In ASK US
My name is Lylo and I'm 17. I've been insecure for like...ever since I can remember, but, it has only grown worse as I get older. In high school, if you don't wear the proper clothes or makeup and you don't have 100+ likes on your Instagram posts, then nobody even knows your name. I have my small group of friends but, I still get very lonely at times, and the fact that I'm insecure makes me feel like I'm not pretty or skinny enough to have more friends - if that makes sense. I feel like nobody knows who I really am, except for my two best friends. Ugh, this is so frustrating. I wish things we're different for me and that I'd somehow not hate myself.
Let me start off by saying that I’m really glad you do have close friends who support you, and I’m glad that you recognize that your insecurity is hurting you; this is half the battle. It is very common for people in our age group to feel alone and overlooked, especially because of social media; snapshots and tweets are not always representations of reality.
If social media is making you feel inadequate, I strongly recommend taking a break from it. It is a common habit for many girls to follow people they don't really like, or even to follow people that make them feel insecure about their own appearance; I strongly recommend unfollowing everyone that you don't have genuine interest in, or anyone who’s photos makes you feel bad about yourself for one reason or another.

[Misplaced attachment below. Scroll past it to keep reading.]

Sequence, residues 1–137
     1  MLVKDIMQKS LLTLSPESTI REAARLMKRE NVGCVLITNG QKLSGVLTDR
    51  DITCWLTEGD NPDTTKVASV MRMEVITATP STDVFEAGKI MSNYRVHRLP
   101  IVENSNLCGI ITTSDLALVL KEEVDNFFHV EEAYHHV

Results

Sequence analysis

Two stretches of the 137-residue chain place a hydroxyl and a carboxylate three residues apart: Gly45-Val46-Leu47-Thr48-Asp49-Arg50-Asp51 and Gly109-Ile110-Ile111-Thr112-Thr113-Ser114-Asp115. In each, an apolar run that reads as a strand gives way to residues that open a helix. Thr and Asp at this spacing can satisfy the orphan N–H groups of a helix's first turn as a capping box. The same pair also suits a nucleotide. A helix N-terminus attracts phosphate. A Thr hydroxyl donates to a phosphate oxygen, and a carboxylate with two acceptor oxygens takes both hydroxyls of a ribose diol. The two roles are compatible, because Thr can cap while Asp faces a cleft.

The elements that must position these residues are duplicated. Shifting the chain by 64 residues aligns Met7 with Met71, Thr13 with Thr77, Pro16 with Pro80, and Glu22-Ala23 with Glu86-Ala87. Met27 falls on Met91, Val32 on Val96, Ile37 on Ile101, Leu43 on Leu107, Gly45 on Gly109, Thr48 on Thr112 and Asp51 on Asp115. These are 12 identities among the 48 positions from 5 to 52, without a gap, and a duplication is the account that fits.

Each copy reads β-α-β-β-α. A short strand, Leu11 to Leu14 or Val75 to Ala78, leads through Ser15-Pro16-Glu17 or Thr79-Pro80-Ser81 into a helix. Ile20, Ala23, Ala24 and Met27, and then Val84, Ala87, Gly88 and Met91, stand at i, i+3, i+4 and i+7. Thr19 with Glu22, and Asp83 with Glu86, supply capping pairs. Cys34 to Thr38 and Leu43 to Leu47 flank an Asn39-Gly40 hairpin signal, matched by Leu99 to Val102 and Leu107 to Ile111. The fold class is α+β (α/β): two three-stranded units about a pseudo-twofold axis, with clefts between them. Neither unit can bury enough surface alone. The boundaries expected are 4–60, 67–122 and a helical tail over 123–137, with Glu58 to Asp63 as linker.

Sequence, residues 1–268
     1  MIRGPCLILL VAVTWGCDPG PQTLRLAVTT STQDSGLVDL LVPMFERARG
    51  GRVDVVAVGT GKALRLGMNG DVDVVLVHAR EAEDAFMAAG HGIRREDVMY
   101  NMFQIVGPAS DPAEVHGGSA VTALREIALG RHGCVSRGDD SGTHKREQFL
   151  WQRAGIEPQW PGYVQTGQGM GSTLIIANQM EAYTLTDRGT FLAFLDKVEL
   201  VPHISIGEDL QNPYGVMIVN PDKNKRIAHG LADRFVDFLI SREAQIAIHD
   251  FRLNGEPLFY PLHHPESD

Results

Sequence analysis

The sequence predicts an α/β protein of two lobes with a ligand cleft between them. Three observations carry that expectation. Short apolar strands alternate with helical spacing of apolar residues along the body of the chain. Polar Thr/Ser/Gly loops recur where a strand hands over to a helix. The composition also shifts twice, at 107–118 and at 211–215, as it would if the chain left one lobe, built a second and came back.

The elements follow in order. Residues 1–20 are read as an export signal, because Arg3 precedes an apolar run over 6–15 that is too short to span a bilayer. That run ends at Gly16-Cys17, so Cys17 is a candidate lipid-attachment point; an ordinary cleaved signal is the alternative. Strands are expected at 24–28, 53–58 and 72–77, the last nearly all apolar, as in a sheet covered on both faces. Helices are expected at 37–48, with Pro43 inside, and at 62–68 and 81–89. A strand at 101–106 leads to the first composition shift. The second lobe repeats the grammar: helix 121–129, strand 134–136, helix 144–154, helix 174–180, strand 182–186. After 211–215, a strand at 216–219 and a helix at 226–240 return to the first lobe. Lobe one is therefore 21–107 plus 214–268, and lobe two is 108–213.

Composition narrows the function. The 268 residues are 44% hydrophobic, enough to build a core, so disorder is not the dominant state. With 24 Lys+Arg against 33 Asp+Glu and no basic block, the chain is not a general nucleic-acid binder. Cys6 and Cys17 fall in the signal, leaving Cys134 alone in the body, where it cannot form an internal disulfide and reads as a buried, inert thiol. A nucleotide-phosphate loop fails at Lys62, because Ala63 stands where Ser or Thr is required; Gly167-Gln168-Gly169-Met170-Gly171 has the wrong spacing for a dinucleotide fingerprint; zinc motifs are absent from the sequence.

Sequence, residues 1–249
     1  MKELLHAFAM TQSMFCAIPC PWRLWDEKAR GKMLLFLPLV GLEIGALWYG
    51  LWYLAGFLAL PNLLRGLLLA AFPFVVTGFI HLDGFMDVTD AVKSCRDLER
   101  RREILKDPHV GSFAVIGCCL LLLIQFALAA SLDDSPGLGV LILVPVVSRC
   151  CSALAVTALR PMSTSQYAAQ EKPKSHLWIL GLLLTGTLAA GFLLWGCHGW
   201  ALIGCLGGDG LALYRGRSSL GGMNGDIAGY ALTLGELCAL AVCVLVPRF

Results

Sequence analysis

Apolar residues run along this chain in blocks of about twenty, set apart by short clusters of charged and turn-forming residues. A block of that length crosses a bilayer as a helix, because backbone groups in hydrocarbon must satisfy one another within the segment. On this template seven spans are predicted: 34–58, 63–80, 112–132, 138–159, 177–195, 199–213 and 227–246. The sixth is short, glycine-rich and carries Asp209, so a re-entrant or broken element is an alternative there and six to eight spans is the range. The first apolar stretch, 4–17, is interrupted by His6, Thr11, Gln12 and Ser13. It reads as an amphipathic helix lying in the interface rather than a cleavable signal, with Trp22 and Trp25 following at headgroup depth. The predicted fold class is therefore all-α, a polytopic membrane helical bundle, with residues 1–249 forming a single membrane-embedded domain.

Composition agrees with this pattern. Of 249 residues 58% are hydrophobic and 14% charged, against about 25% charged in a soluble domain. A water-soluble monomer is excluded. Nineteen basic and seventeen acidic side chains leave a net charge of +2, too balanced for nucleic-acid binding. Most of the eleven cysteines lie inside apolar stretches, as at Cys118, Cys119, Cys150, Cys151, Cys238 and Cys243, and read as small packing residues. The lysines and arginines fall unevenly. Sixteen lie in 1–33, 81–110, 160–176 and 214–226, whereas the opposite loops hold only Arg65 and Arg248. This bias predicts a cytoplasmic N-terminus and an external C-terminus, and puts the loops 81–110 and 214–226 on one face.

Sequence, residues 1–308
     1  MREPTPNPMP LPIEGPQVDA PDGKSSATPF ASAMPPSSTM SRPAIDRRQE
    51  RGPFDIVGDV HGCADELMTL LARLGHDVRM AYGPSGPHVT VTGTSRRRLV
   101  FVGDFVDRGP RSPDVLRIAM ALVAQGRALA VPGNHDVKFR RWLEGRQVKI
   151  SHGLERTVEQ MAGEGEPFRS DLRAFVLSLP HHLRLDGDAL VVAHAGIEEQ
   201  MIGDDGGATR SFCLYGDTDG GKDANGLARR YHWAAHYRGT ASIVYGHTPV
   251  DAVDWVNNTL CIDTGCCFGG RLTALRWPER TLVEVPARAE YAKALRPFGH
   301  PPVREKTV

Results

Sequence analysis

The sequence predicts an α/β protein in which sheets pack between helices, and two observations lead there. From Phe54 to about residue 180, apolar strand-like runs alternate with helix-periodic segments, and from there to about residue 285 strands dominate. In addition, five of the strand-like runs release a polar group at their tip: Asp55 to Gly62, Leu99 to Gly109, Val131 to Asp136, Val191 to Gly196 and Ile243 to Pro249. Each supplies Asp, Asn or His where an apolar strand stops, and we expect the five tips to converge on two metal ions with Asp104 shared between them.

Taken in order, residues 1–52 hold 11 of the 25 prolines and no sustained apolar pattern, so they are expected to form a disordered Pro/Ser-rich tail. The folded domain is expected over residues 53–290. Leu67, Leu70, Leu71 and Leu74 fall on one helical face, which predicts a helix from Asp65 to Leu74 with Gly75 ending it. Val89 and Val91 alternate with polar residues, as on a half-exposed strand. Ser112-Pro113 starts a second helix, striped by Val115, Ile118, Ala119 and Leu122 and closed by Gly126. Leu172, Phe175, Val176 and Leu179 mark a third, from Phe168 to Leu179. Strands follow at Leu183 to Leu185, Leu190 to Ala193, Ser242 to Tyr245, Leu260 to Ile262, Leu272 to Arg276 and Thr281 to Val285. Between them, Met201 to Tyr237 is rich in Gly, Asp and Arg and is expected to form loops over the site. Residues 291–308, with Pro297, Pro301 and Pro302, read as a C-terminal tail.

It may seems like downsizing your social media circles is the opposite of the solution to your problem, but it can help you feel less bombarded by these self-depreciating messages. I’m glad you do have a small group of friends that you can share your true self with; this is what really counts. I hope your friends and family remind you that you are beautiful, regardless of your size, your clothes, and your makeup! I really recommend talking to an adult that has the means to help you, for example, a guidance counsellor or even a social worker.
I really recommend to reading/listening to Tara Brach, an American psychologist who focuses largely on self love and emotional healing. She talks about how to train your brain like a muscle; if you train it to think positively, this will become easier and more natural:
1. Recognize when you are spiralling into self depreciating thoughts such as I am not skinny enough, I would be better if I wore/bought this, people would like me if only I were pretty, etc.
2. Pause and reflect: what triggered these thoughts? Make a note to dodge this in the future.
3. Positive affirmation such as my body is strong and powerful, I am great at making people laugh, I am good enough, I am worthy, etc.
Overall, I recommend you take a step back and focus on building self love and self acceptance. I believe that once you form a relationship with yourself, forming relationships with others is easier and more rewarding.